It was tennis’ Mad Men moment.
The AMC drama won numerous awards for its portrayal of 1960s advertising agency culture, where women played second-class citizens to the boozed-up, alpha-male executives who controlled their lives.
Somewhere, up-and-coming Croatian tennis player Donna Vekic must feel a little like those women.
She has been placed at the centre of a storm through no fault of her own. She just happens to be dating Stanislas Wawrinka.
She is a female tennis player in a world where female tennis players, save for a couple, are still second-class citizens.
A world where sex appeal is more marketable than a serve. A world where Anna Kournikova still resonates in the mind of male fans more prominently than Lindsay Davenport.
Vekic is a completely passive victim in a narrative created by the too-large mouth of a boy aged just 20 – and going on 14.
“Kokkinakis banged your girlfriend,” Nick Kyrgios muttered on court. “Sorry to tell you that, mate.”
That his comment was so laden with misogyny should not surprise. He is a product of a generation where rap and hip-hop rule, music genres which traditionally rank rather low on the respect-for-women scale.
As a chubby child, Kyrgios sported a Wu-Tang Clan t-shirt. If you want an idea of the kind of ideas young Wu-Tang fans get exposed to, search for the lyrics to their track ‘Maria’.
Kyrgios’ slight, sledge, barb, directed at Stan Wawrinka was full of teenage irascibility.
He’d just lost a set. He was angry. He had information. He used it.
And in doing so he laid bare a secret, paying scant regard to the privacy of a friend and a young woman who is now at the mercy of the media machine.
Vekic is the primary victim in this whole sorry saga, with fellow Aussie tennis player Thanasi Kokkinakis not far behind.
It’s easy to imagine a scene of teenage bravado as Kokkinakis imparted the information that he’d had intimate relations with Vekic.
But however the story was told, Kokkinakis had his trust broken.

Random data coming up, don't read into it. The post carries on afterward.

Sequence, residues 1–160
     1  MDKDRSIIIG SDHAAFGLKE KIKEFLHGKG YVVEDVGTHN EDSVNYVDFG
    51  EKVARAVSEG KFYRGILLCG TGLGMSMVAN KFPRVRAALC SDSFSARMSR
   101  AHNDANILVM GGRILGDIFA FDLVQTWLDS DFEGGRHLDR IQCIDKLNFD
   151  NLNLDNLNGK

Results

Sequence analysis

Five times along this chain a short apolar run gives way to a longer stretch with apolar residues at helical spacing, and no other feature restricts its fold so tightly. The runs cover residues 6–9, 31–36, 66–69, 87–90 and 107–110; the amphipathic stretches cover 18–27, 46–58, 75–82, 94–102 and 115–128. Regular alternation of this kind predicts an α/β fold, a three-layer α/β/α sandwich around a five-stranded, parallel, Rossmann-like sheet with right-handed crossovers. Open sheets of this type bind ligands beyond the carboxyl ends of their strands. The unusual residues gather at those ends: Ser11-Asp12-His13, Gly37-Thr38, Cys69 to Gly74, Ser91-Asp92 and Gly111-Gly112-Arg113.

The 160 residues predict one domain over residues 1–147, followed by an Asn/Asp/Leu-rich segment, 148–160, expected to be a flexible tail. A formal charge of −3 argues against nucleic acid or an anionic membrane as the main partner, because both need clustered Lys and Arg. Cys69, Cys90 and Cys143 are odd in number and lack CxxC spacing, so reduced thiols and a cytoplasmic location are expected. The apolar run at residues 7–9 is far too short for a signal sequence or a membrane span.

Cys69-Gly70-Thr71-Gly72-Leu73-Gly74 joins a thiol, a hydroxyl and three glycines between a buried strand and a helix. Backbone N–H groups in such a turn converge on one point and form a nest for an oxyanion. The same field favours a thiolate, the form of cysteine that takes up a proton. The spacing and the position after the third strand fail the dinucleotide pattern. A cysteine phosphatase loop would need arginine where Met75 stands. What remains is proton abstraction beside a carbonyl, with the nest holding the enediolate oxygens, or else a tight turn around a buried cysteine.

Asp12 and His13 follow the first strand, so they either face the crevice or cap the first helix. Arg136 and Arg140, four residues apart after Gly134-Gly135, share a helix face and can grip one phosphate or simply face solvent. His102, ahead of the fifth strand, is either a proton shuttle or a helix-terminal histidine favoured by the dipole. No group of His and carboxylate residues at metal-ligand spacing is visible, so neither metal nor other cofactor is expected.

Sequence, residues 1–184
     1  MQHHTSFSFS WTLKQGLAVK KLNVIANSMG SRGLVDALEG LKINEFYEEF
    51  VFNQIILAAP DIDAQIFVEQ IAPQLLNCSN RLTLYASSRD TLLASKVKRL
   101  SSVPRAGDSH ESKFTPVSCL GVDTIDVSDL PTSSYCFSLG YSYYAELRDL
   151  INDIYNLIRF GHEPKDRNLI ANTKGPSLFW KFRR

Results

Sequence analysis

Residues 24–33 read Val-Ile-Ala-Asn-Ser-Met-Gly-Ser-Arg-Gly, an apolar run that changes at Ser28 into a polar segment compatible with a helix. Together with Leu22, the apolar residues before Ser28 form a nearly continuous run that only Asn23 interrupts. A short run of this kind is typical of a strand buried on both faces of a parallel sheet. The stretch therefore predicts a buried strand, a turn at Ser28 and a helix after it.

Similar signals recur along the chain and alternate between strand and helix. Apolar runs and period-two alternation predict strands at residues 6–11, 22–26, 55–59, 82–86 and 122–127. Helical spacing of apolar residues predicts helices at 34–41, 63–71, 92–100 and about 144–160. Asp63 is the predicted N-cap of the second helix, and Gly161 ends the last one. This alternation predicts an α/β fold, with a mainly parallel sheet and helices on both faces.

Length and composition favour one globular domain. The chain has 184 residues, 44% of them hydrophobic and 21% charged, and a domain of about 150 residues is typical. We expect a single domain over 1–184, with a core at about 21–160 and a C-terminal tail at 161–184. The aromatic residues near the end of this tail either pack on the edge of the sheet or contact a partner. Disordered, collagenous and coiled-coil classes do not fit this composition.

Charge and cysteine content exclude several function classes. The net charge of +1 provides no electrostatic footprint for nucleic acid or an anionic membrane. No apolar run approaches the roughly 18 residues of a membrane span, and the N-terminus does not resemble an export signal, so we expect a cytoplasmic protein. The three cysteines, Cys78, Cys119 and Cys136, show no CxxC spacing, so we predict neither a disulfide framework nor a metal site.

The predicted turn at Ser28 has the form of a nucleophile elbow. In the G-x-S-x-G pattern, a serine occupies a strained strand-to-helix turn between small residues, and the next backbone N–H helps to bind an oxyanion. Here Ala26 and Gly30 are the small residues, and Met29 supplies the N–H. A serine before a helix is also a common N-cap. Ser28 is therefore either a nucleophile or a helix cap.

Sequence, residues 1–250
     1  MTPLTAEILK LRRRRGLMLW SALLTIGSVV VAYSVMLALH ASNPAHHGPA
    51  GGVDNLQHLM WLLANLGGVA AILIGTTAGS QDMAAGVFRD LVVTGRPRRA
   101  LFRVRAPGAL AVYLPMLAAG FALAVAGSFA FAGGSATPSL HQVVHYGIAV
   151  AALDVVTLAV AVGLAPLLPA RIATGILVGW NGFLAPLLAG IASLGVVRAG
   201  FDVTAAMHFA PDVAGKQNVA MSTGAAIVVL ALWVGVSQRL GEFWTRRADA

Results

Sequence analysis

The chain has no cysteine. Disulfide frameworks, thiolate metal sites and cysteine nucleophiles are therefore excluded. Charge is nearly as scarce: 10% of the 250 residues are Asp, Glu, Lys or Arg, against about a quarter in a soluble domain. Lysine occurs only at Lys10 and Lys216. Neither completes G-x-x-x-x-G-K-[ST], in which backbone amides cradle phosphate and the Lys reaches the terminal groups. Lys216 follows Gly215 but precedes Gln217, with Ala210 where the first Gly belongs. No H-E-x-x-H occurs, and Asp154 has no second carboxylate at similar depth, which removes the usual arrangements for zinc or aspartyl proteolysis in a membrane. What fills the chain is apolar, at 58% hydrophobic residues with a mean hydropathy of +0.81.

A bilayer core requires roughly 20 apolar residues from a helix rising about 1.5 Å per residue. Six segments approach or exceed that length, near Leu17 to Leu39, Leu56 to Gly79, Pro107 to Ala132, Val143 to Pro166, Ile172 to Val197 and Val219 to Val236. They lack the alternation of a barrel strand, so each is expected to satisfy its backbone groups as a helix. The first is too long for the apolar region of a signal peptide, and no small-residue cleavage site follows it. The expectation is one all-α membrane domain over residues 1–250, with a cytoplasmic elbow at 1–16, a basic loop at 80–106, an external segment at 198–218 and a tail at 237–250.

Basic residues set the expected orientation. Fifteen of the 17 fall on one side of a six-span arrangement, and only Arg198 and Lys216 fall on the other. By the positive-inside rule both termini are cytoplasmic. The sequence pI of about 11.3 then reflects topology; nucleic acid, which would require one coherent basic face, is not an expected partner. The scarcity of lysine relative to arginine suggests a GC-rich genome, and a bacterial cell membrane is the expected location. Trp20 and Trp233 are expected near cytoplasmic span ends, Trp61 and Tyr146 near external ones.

And if the sledge has no basis in the truth, Vekic could launch legal proceedings against Kyrgios for defamation.
Tennis players grow up in public.
Certainly that has been the case for Kyrgios, who is struggling with the emotional demands of being a highly touted prospect in the internet age.
But think of Donna Vekic, whose only crime, it seems, is to be an attractive blonde tennis player who has had relationships – of whatever level of intensity – with other pros.
First there was the dubious article that appeared on the French Open website prior to Wawrinka’s first-round match this year.
And now this.
The world No.127, still trying to forge ahead with her own career, could do without the headlines, the glare and the stress.
If Kyrgios’ comment had been delivered in any other workplace, and overheard by management, he’d have been given the rest of the day to clear out his things.
Vekic has been either slandered, humiliated or both. Kokkinakis has had his confidence betrayed.
Kyrgios, meanwhile, whose on-court persona continues to become perilously unpredictable, skates headlong into the void.
At one stage he was a can’t-miss prospect. He’s still got all those skills, but may be too far gone in the court of public opinion to ever be revered in the way he could have been.
But this mess is of Kyrgios’ own making.
Donna Vekic finds herself in a mess she had absolutely no say in whatsoever.